A study examining the potential for human inhalation of nanoparticles through the use of nanotechnology-based cosmetic powders indicates that the predominant deposition of these particles would occur in the tracheobronchial and head airways rather than in the lungs.
The study, conducted by researchers at Rutgers University and published in Environmental Health Perspectives, concludes that this deposition of nanoparticles could potentially lead to different health effects than those investigated in previous studies of nanoparticle behaviour and toxicology that have primarily focused on nanoparticles’ effects on lung health.
They note that the observed effect may be occurring because the particles in the tested cosmetics products tended to be larger or to agglomerate, whereas smaller particles would be more likely to penetrate lungs. The authors note that to the best of their knowledge, this is the first study to determine the human inhalation exposure potential for nanomaterials released from cosmetic powders “in a realistic exposure simulation".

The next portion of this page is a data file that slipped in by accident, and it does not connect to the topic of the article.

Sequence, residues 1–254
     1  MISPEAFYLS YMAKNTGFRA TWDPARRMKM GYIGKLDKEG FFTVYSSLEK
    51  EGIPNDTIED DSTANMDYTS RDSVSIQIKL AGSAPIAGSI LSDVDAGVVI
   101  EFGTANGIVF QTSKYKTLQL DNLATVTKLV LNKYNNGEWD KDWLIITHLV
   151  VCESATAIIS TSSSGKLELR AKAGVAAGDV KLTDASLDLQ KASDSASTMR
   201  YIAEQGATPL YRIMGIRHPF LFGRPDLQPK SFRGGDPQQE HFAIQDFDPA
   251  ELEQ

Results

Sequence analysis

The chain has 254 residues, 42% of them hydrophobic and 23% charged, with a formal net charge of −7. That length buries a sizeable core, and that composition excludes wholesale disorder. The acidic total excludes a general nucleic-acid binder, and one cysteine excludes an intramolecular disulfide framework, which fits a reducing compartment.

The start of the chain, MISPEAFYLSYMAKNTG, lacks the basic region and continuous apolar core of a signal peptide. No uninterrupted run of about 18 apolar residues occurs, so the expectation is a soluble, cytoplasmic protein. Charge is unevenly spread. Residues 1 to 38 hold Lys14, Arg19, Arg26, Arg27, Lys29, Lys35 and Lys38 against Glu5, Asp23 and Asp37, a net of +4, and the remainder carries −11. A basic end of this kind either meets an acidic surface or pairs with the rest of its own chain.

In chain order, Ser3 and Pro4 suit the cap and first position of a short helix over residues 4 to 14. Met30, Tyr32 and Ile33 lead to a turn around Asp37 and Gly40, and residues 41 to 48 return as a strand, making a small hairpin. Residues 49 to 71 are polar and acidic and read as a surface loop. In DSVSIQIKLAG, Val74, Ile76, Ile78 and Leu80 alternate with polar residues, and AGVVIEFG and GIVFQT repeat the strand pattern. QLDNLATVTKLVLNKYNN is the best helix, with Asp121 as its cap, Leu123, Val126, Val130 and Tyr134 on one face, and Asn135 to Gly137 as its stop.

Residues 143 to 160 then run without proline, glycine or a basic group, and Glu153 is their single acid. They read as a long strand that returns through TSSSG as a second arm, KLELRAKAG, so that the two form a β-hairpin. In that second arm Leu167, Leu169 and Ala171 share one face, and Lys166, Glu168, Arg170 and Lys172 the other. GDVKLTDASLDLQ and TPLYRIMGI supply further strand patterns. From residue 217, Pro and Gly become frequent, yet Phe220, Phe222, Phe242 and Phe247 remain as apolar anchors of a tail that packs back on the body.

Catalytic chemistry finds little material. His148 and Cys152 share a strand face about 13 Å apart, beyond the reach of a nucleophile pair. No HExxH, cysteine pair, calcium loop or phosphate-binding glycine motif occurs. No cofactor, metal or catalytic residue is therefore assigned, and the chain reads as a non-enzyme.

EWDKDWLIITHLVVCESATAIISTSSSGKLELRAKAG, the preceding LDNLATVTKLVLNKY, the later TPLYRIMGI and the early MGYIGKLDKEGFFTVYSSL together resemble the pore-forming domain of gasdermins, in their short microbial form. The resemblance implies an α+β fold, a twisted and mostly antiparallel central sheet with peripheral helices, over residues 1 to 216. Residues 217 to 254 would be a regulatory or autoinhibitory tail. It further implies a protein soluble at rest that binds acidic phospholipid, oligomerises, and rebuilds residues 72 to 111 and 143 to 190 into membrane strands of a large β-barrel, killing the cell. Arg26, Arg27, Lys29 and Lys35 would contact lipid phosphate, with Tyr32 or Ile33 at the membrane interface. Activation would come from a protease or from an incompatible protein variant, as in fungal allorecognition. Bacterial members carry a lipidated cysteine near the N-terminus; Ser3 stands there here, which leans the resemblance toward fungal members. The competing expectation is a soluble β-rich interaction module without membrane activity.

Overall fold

The study characterised cosmetic particles using a mannequin to simulate product application. It compared the inhalation potential of several commercially-available cosmetic products with and without nanoparticles, including: a blusher, a moisturiser, and a loose-powder sunscreen. Given the apparently strong potential for inhalation exposure, the researchers recommend exposure assessment studies for such products and a requirement that manufacturers report the presence of engineered nanomaterials in their products.